nuts were sliced for thin layer drying. The experiments were
conducted at two different drying air temperatures (55 &
i, Xs and Xe are initial, surface and equilibrium
moisture content of the nuts, respectively. In equation (2),
70ºC). Throughout the experiments the air velocitiy and
relative humidity (RH) were maintained at 1.5 m/s and 5%,
m is surface moisture transfer coefficient and n is outward
normal at the nut surface. Using a 2D Galerkin's model in
respectively. To reduce experimental errors, each test was
performed in triplicate. The ambient, up-stream and down-
cylindrical coordinate (r, ? , z) (Segerlind, 1984), equation
stream dry bulb temperatures, air relative humidity, air
1 was rewritten as:
velocity and sample weight were continuously monitored

and the data were recorded every 60s (Fig. 1). Drying was
, at the nut surface,
? >0 (3)
N ]
? ? X
? X ? ?X ?
continued until the moisture content (w.b.%) of the sample
? ? = 0
? ? ?r
?z ? ?t ?
was reduced to 5%. The average moisture content of the

samples during each weighing period was calculated, based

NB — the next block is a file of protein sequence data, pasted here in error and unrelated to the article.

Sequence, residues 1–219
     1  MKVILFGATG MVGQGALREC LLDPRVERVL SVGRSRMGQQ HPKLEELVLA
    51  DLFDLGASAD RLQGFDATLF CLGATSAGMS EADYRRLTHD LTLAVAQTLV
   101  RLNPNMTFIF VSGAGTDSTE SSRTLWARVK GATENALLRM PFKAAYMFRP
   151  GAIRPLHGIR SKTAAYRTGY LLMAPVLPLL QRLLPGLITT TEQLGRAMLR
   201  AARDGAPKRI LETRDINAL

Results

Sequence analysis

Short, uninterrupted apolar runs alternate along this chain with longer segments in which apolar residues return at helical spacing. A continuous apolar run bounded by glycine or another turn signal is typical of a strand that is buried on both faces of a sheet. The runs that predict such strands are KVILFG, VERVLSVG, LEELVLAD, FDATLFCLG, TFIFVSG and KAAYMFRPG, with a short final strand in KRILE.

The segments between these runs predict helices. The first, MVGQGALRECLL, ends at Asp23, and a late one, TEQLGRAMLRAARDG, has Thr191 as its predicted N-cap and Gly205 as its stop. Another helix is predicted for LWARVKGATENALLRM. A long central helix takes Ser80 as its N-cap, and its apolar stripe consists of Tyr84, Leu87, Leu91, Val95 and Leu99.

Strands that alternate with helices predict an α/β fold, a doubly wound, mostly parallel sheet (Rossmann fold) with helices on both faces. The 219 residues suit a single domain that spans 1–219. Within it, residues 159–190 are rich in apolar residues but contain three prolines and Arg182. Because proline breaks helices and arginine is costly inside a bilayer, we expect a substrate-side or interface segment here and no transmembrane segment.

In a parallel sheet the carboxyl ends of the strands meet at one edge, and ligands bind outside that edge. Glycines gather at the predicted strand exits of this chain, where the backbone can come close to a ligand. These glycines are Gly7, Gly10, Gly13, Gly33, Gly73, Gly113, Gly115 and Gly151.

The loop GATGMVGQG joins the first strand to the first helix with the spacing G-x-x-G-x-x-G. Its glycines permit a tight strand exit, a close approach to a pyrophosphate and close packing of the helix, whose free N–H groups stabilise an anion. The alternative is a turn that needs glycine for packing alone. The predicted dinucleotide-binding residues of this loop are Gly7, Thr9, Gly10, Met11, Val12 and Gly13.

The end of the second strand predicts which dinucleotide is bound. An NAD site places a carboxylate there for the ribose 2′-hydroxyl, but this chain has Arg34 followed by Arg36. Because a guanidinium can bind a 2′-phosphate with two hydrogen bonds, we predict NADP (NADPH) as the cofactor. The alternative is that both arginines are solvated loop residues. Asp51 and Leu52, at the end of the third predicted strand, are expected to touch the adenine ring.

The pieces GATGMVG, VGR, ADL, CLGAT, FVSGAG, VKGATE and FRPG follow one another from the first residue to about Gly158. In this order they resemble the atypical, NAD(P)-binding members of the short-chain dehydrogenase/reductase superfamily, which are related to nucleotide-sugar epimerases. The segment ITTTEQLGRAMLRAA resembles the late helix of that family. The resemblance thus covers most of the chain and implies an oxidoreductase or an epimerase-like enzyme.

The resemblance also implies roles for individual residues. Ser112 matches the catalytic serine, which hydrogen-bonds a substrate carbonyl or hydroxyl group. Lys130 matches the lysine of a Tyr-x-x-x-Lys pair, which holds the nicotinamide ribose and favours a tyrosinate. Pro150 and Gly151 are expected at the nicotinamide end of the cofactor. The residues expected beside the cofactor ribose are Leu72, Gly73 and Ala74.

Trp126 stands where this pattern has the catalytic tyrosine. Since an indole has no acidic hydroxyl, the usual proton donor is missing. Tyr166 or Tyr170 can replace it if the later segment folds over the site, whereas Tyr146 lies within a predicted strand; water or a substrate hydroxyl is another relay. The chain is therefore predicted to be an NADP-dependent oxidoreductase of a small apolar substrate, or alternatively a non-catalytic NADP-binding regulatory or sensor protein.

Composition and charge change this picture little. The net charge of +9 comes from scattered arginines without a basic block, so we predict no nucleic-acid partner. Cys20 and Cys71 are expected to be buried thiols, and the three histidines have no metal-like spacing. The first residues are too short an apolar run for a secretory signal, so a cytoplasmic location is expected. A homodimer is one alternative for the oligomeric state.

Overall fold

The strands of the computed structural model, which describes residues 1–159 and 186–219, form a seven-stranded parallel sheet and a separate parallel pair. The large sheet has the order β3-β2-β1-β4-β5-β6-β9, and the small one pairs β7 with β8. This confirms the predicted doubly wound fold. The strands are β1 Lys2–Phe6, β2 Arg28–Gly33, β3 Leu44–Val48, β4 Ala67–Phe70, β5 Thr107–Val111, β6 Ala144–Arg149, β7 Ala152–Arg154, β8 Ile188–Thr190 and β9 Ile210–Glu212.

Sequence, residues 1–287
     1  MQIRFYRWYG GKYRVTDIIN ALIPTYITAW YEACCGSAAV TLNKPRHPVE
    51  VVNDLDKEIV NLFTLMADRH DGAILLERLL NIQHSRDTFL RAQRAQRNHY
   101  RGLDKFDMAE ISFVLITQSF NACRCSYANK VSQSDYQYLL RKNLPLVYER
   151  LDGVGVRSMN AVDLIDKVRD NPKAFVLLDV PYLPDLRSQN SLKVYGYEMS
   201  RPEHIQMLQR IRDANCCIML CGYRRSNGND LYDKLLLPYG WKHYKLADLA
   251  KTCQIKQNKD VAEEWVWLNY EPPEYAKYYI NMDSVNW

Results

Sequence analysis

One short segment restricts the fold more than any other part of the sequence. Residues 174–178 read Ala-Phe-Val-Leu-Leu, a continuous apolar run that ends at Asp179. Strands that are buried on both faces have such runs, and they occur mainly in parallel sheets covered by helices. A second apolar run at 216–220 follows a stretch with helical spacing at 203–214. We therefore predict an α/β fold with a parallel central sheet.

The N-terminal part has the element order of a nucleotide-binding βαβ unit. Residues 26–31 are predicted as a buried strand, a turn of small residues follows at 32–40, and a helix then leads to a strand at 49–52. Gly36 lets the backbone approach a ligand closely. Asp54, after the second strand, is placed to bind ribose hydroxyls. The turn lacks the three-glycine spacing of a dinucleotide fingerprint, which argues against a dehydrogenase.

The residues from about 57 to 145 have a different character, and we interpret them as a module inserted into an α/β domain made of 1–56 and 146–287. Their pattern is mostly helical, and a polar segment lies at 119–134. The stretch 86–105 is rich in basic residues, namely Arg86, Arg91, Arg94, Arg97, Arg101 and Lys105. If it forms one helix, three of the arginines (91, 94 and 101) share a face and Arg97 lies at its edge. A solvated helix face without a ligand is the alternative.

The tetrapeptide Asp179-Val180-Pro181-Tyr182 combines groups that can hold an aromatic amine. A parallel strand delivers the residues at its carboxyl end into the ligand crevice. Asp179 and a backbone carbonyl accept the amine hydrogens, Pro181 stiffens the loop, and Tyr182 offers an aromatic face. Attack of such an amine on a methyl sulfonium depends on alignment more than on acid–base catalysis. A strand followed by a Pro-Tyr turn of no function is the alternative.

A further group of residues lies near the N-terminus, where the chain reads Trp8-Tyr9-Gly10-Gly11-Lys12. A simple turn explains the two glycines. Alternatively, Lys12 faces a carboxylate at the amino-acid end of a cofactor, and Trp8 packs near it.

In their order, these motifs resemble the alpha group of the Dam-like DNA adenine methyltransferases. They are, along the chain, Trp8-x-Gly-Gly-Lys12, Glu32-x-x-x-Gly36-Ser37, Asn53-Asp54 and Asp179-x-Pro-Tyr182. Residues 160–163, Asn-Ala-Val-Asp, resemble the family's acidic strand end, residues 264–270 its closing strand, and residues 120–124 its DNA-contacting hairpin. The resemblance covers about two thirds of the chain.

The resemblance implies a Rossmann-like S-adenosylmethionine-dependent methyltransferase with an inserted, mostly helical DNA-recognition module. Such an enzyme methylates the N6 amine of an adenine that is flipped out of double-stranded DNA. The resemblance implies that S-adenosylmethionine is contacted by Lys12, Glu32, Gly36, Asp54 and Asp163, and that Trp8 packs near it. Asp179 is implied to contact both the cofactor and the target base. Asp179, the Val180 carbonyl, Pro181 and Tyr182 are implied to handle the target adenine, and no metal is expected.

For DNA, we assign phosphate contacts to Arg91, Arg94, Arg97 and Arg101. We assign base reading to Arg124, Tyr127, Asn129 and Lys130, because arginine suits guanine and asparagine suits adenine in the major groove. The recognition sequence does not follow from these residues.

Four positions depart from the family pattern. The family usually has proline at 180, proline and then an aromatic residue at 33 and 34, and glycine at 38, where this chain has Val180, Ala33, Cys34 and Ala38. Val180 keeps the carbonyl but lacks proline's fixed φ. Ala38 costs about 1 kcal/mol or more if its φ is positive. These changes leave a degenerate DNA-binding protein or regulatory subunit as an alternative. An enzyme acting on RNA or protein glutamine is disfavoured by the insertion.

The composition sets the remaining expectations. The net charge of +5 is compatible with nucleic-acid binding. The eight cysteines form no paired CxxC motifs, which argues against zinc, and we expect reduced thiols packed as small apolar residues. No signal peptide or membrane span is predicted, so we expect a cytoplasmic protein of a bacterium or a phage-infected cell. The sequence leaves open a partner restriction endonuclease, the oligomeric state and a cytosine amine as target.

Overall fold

on the initial mass and final moisture content of the samples.
N ] is the shape function matrix and r and z are
After each drying experiment, the samples were oven-dried
cylindrical components. In conventional drying, the surface
at 103 ± 2ºC to determine the moisture content
of the nut exchanges heat with the environment via
(Kashaninejad & Tabil, 2004).
convection, while the internal part of the nut is heated by

conduction. For modeling a mathematical mass transfer in
nut, it was assumed that liquid diffusion of moisture to the
outer boundaries of the nut and evaporation only at the

Equation (5) was solved numerically in order to
surface of nut. After some mathematical steps and replacing
predict moisture distributions within the pistachio nuts
the notation ? , with the two-dimensional space, A, the